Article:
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“Art in the Market”The Armenian Reporter

Interview — with Minneapolis NBC Affilliate KARE11

Ruminations on visibility and the everyday.

PSi Conference: Toronto, 2010.

I’m interested in mapping out the theoretical underpinnings and after-thoughts of my recent installation project situated in an international marketplace in Minneapolis titled forShadows. These are my initial thoughts. Because my work is based on the exploration of certain questions of meaning please indulge me as I outline the trajectory of my investigations as a way of approaching this most recent work.

My Entry into the Form

My entry into installation is through performance. My current work is an effort to learn more about how to most effectively make visible individual everydays so that we might collect ourselves in our particular experiences and create opportunities for shifting our culture – or a particular culture in some way.

[…] I began to explore the tension between lived experience and representations of experience. After years of watching Other stories being portrayed on stage, and walking out of theatre productions at an ever-increasing rate, I began to look for how I thought I might begin to represent my question about the role of lived experience in relation to representations. Richard Schechner gives his own twist to Aristotle’s notion of representation which parallels my own definition: “Art always ‘comes after’ experience; the separation of art and life is built into the idea of mimesis…Art is cooked and life is raw. Making art is the process of transforming raw experience into palatable forms. This transformation is a mimesis, a representation.” (Performance Theory p. 38). This is what I mean by representation.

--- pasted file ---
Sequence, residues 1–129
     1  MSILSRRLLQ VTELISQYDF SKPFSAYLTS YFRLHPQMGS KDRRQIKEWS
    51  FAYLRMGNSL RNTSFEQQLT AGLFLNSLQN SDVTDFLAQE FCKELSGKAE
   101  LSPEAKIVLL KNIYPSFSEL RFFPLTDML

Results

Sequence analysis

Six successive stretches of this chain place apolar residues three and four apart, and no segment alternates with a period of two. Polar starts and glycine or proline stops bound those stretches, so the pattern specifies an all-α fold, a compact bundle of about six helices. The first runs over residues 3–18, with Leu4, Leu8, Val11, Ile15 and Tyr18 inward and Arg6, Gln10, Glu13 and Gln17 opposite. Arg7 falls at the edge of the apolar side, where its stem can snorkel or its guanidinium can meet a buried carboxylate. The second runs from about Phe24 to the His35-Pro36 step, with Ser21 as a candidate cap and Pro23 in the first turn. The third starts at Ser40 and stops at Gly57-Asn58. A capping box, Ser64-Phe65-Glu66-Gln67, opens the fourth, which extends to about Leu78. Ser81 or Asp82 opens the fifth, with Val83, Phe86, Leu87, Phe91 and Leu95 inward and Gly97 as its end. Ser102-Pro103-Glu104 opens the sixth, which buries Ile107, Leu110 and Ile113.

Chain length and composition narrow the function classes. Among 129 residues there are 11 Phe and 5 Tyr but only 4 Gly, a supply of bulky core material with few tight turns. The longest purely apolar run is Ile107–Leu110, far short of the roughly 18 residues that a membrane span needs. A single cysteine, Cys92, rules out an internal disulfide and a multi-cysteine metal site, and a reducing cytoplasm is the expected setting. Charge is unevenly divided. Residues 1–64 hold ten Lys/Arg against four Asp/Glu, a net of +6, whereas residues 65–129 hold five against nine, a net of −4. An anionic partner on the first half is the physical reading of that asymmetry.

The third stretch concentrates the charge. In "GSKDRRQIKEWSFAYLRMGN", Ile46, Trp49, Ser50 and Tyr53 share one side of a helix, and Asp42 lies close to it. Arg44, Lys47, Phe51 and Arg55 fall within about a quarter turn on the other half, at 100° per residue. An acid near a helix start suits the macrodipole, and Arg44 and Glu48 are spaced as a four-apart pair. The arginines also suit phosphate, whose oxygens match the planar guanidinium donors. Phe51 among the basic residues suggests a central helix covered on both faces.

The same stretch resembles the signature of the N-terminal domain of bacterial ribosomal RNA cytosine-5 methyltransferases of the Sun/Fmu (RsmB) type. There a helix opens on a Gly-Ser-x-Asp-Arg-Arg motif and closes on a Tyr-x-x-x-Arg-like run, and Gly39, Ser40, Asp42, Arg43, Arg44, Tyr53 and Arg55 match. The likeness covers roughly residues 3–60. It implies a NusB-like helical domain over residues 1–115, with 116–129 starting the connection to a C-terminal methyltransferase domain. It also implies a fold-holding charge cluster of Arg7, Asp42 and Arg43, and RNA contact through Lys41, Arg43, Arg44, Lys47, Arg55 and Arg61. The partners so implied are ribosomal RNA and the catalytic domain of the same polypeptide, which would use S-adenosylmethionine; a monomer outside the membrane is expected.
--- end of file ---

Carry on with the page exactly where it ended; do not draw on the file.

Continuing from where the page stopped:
Much later in my life, I came to realize that fueling my desire to explore the limits and possibilities of representation might owe itself to my heritage as the descendent of a survivor of the Armenian genocide. A genocide that is — not insignificant to this discussion — denied (made invisible) by its perpetrator. My interest in making visible the stories I grew up with and the experience I have in carrying the story clearly influence my interest in making silenced aspects of lived experience visible.

My Form Changes — Site-Specific Installation

Site-specific installation looked to be a form that would allow me to best reframe the relationship between representations, site, and lived experience. It also promised further consideration for reconstituting the role of the spectator. This form looked to hold good possibility for my interest in exploring of the space of anxiety created when spectators’ expectations around aesthetic and site are challenged. These promises held by site specific installation led me to my most recent piece, forShadows.

My approach to forShadows was to ask the following:

1 – Can I create a work that has both a representational and a lived component and design the work so that the affective experienced occurs in the everyday life rather than in the space of the representation? Can I have an aesthetic component that can function as a way to the everyday rather than point only to itself?

2 – Can I create opportunities for dialog between people who don’t really talk to each other by making visible the particular everyday lived experiences of those who inhabit the space in the context of the everyday and then respectfully create connections between their experiences?

3 – Can I demonstrate my own personal collaborative experience with the marketplace personnel in this piece non-oppressively as I bring in my own words, my own aesthetic and my own curation to this project?